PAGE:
The Armature is keyed to the shaft is a part of the rotor which transfers mechanical energy to the load.

The Commutator is also keyed to the shaft. The shaft is made of mild steel. Mechanical strength of mild steel is very high.

A compensating winding is used to reduce the reactance, voltage is present in the armature when universal motor operated on AC supply.

Working Principle of Universal Motor

The operation of universal motor based on the principle when a current carrying conductor placed in the magnetic field, a mechanical force is exerted on it and torque develops.

Operation or Working of Universal Motor

In universal motor armature winding and filed winding both are connected in series like DC series motors. This motor develops unidirectional torque whether it is connected on AC supply or DC supply.

When single phase supply given to the motor, during the positive half cycle, current flows through the field winding and armature winding. The magnetic field is set up in both windings. The field of both windings is not aligned with each other. When rotor field tries to align itself with the main field an anti-clockwise torque is developed in the rotor.

When, the universal motor is connected to DC supply it behaves like a DC series motor.

The direction of rotation can be changed by interchanging connections to the field with respect to the armature as in a DC series motor.

### Applications of Universal Motor

This motor is available in small sizes. This is invariably used in following appliances.

• Vacuum cleaners
• Electric hand drills
• Mixer grinders
• Domestic sewing machine etc.
• Mixer and Juicer

## Construction of Three Phase Induction Motor

### Construction of Three Phase Induction Motor

Three phase induction machine can work as an induction generator and induction motor. But for most of the application, its performance as an induction generator is unsatisfactory. In this article we will study about construction of three phase induction motor.

The induction motor has following parts

• Stator
• Rotor

### Stator

Stator is stationary part of the induction motor.

Frame

The function of the frame is to support the inner parts of the motor such as core and winding.

The frame of the motor may be casted or fabricated. For small and medium size machine the frame is made of cast iron or casted. For large machine fabricated steel is used.

The stator frame provided only mechanical support to the inner parts and are not designed to carry the stator flux.

The slots may be open, semi closed or closed.

Stator Core

The stator core is a stack of cylindrical steel laminations (which are usually 0.03 cm to 0.05 cm thick) which are slotted their inner periphery. The three phase winding is housed in these slot. The laminations are used to reduce the eddy current losses.

Stator Winding

The stator core carries a three phase winding. The six terminals of the winding are connected in the terminal box of the machine.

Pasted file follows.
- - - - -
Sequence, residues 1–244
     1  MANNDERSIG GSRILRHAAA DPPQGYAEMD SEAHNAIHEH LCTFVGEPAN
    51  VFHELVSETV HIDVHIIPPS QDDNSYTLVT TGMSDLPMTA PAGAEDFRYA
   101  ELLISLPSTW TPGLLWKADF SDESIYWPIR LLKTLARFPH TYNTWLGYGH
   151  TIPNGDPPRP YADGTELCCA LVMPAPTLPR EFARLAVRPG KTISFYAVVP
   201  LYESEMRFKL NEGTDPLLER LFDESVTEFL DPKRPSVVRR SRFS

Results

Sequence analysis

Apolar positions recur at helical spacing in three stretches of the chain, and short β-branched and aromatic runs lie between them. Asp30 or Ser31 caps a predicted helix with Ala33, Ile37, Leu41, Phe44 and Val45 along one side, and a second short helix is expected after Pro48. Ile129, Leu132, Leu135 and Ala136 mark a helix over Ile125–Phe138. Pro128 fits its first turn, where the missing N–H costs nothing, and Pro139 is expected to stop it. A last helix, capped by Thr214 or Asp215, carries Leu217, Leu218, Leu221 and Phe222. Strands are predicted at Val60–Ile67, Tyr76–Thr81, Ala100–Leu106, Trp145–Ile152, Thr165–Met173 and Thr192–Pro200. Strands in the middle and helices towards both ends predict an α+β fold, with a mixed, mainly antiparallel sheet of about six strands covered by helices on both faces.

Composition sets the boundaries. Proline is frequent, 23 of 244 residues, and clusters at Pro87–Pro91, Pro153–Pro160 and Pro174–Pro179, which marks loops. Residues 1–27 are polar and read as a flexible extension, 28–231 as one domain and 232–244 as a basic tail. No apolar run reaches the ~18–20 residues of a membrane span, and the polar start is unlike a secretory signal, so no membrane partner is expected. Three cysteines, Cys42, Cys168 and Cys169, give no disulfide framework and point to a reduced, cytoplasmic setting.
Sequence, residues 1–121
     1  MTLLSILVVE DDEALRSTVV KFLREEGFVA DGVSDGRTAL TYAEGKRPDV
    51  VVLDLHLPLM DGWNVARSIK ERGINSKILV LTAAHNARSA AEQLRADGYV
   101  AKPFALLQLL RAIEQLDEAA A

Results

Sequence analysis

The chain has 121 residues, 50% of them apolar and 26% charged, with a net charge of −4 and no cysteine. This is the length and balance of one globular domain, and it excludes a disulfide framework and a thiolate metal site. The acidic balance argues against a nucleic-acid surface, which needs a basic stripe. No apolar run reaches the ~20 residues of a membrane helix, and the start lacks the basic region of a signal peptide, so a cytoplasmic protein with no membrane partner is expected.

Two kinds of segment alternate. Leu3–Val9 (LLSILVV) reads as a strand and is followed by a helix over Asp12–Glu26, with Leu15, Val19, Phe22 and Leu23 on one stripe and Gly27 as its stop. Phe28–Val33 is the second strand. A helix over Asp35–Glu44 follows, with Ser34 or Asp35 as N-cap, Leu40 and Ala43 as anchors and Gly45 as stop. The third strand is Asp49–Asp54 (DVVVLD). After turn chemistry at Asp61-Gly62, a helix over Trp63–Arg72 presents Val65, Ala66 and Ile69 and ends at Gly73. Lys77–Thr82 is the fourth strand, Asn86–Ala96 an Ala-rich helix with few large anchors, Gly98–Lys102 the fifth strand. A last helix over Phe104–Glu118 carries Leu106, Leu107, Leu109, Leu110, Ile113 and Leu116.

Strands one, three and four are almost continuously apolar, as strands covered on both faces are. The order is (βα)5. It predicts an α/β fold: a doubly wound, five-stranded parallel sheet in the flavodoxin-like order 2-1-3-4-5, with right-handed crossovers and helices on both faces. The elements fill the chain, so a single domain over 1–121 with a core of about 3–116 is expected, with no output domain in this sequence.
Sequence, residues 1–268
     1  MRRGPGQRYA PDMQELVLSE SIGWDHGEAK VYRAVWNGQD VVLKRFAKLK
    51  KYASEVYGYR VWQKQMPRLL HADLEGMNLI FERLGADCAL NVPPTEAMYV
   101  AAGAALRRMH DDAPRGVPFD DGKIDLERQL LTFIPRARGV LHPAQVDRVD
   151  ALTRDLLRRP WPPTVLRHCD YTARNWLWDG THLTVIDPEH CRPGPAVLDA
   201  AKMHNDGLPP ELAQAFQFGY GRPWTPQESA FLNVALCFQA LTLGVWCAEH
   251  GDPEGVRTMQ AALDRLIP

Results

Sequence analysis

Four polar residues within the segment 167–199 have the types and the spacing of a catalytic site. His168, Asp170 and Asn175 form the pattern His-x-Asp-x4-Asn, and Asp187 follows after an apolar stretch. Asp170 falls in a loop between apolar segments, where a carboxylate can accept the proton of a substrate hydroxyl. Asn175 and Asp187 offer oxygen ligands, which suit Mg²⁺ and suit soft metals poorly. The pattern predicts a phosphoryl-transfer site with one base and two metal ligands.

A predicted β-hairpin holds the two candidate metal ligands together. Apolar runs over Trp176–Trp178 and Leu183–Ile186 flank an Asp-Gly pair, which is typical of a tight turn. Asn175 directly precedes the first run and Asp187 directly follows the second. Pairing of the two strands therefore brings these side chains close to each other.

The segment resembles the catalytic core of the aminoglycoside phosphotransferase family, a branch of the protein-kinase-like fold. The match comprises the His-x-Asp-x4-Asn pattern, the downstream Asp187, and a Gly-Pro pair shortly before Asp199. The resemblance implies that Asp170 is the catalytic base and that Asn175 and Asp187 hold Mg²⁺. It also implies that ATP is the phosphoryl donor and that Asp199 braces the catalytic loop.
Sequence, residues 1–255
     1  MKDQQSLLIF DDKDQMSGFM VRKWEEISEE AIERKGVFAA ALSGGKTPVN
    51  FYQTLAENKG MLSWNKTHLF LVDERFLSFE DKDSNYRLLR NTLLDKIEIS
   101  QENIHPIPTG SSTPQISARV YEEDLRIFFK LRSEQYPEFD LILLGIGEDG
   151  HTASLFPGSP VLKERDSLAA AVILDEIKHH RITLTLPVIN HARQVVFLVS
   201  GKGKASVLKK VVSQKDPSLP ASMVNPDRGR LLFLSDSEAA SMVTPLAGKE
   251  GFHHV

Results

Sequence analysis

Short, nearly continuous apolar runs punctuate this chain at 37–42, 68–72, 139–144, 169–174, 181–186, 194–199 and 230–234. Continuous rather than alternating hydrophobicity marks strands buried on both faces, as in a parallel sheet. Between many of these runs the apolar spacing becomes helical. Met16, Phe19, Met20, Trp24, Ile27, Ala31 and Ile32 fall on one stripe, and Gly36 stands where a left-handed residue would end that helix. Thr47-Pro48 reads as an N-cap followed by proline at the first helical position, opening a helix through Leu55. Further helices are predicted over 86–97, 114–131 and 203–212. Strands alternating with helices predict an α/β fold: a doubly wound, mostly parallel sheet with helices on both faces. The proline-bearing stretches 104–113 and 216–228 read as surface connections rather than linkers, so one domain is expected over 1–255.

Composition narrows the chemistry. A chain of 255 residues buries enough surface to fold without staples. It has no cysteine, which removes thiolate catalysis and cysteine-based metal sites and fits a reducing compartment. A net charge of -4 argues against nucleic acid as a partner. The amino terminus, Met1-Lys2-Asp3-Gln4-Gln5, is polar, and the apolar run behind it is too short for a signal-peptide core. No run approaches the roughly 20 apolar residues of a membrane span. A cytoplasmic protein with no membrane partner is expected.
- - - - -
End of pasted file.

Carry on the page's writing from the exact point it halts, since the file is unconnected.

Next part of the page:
In general, the same material is used for the rotor and the stator, but on e rotor has thicker laminations because the lower frequencies of rotor flux.

The winding may be star connected or delta connected. The winding’s are designed to be delta connected for normal running.

### Rotor

It is a rotating part of the motor. There are two types of rotors, which are employed in three phase induction motors.

### Squirrel Cage Rotor

The motors employing in this type of rotors are known as squirrel cage induction motors. Most of induction motors are employed squirrel cage rotor. It is simple, cheap rugged construction of rotor. It consists of a laminated core with conductors lying. In each slot copper brass, aluminum bar used as rotor conductors. The rotor winding is permanently short circuited and it is not possible to add any external resistance in the rotor circuit.

Phase Wound Rotor or Slip Ring Rotor

Phase wound rotor is also called slip ring rotor. Phase wound rotor carries a three phase wound winding wound for same number of poles as the stator winding. The three finish terminals are connected together forming star point and the three star terminals are connected to three copper slip rings mounted on the shaft. The brush is used to collect the current from the slip rings. These brushes are externally connected to a three phase star connected resistance for the purpose of starting and speed control of motor.

## Transformer

### Transformer

The Transformer is a static device that transfers electrical energy from one electrical circuit to another electrical circuit without change in the frequency but voltage level is usually changed. It may be stepup or step down transformer.

The transformer has two winding one is called primary winding and other is called secondary winding.

• The source is connected to the primary winding.
• The load is connected to the secondary winding.
• The transformer is an electromagnetic energy conversion device, since the energy received by the primary is first converted to magnetic energy and then it is reconverted into electrical energy in the secondary circuit. Thus the primary and secondary winding of a transformer are not connected electrically, but are coupled magnetically.
• The transformers may be stepped up or stepped down. If the secondary winding has more turns than the primary winding, then the secondary voltage transformer is called a stepup transformer. If the primary winding has more turns than the secondary winding, then the secondary voltage is lower than the primary voltage and the transformer is called a step down transformer.

### Necessity of Transformer